The parents of the Baby Boomers reacted too late once they started noticing the disappearance of “a common body of knowledge … that common group of heroes and villains, images and values, of which national spirit is born,” as the late historian Henry Steele Commager described it. In its place came a leftist mix of progressivism and psychology, eventually marketed as “functional literacy.” Today, this psychologized progressivism has impacted every facet of society. Having been institutionalized in classrooms, and passed along to society via newspapers and newscasts, popular magazines, entertainment, and the arts, it is taking on new life in the voting booth.
Progressivism’s latest casualty is paintings and depictions of George Washington, the staple of every schoolhouse since 1932, when Congress passed a mandate to commemorate the 200th anniversary of his birth. William Sanders has been battling the American Civil Liberties Union and the National Education Association (NEA) over the issue since 1998. Over 40 years, he says, paintings and pictures of our first President and Revolutionary War hero have been quietly removed from school walls and excised from history texts.
The Left’s effort to recast history in this manner mirrors totalitarian coups — the old Soviet Union being just one example — when posters, statues, and paintings of former national icons are razed, their writings expunged and replaced. By obliterating George Washington (and reviling other Founders), disgrace is cast on the values and ideals they championed. As youngsters pass along from grade to grade and into college and the workforce, the effect snowballs.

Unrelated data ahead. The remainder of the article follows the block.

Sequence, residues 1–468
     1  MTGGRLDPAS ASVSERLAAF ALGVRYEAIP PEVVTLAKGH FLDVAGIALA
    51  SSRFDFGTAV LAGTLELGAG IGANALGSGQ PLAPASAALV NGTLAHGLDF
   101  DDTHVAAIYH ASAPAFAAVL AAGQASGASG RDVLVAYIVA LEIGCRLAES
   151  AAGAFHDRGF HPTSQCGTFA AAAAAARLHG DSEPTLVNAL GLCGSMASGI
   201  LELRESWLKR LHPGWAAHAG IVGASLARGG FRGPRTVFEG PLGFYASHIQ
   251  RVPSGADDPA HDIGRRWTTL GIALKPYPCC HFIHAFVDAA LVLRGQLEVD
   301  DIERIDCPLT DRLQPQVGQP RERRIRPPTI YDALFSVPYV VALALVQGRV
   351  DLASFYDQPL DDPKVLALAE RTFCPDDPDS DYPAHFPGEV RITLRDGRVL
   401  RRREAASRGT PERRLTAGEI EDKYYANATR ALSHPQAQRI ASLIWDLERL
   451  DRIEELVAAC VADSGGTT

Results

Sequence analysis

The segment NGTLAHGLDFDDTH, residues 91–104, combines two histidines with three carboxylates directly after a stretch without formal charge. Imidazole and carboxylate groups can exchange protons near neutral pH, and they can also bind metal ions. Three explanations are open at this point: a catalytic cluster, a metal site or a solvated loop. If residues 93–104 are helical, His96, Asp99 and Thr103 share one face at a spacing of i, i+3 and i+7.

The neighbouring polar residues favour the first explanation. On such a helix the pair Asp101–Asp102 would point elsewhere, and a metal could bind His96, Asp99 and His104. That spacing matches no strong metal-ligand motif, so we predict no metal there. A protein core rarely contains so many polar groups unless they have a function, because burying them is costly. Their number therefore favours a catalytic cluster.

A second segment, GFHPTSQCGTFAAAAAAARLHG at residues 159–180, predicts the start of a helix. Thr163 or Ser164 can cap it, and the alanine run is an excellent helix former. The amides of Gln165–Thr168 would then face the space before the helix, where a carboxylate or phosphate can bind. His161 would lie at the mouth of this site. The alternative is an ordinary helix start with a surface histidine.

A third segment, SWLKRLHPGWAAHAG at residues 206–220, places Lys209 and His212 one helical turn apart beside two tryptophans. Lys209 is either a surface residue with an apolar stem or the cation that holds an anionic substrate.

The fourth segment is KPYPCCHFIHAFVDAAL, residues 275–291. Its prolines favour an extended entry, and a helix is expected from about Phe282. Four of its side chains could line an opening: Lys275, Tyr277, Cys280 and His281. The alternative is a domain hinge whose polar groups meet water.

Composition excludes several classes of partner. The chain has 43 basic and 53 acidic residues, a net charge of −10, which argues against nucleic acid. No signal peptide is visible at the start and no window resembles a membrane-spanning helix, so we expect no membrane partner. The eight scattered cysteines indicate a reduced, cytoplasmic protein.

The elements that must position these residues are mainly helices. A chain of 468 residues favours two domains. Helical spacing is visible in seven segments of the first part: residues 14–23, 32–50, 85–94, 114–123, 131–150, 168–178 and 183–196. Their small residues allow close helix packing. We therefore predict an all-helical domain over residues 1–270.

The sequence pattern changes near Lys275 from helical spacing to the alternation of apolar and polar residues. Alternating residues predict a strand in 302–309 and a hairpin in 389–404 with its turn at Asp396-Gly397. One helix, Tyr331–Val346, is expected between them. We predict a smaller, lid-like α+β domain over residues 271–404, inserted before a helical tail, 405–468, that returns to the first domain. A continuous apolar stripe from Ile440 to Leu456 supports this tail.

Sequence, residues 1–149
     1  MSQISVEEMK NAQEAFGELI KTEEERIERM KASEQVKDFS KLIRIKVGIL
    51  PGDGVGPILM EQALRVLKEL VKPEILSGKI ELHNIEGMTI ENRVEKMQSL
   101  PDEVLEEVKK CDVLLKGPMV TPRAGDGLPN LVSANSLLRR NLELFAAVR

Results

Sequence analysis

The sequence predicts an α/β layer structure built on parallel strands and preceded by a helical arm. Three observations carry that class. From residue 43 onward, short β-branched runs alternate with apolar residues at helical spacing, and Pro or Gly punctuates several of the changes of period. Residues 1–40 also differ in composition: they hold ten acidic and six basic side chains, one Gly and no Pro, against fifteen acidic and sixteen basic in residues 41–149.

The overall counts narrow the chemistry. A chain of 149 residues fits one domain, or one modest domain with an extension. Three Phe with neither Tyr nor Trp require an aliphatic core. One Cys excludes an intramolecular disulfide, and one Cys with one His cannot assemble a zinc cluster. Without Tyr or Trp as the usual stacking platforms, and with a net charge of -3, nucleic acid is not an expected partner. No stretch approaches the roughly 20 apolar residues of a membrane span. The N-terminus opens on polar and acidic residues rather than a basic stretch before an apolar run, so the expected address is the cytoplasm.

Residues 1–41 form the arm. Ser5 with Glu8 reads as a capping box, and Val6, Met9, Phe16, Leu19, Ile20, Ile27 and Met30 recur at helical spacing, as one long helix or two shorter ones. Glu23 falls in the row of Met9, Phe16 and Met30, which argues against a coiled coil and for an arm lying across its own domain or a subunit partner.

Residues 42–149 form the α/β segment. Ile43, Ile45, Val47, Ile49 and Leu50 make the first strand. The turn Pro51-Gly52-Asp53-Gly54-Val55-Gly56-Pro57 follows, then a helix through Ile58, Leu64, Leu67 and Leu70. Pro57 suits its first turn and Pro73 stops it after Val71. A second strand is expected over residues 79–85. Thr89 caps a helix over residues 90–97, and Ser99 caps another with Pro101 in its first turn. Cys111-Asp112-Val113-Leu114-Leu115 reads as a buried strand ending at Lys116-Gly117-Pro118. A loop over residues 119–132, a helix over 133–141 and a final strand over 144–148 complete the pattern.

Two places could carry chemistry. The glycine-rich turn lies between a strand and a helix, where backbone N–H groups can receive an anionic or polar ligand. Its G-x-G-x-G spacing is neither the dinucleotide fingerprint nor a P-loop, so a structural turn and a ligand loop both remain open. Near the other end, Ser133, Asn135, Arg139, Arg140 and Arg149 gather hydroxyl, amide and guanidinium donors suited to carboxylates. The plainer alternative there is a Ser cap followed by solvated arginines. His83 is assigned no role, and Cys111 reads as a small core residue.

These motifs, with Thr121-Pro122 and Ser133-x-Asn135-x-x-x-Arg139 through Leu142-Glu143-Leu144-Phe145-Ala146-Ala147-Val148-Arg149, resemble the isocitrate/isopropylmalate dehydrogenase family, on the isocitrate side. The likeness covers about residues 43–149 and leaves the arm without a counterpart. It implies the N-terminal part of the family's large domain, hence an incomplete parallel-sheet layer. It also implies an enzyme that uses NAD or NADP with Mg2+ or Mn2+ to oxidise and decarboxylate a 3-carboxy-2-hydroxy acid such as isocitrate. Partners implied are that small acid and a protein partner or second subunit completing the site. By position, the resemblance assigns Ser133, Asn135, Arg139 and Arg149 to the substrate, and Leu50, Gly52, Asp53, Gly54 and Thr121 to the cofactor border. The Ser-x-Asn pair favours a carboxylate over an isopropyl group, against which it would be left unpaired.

Dismantlement of George Washington’s likeness has little to do with politically correct concerns over racism or religion, although it’s usually presented that way. But it has everything to do with progressivism — a term mischaracterized as “liberalism,” “reform,” and “progress.”
This disastrous saga began with John Dewey’s Progressive Movement, which featured socialization of the child as the primary goal. “Socialization” in this context is not synonymous with etiquette, fair play, or camaraderie. It is one part amenability, one part resignation, and one part affability — creating an inclination to conform to group trends. Thus, today’s emphasis on “teamwork” over individual initiative.
Although Dewey, a socialist-turned-Marxist, didn’t coin the term “progressive education,” he inspired the movement. His core philosophy dictated that children should be socialized — much like puppies — thrown willy-nilly into a yard with lots of activity, critters, and commotion. He considered this approach to schooling more advantageous to society than academics. In 1896, Dewey wrote that the centrality of reading and writing was “one of education’s great mistakes.”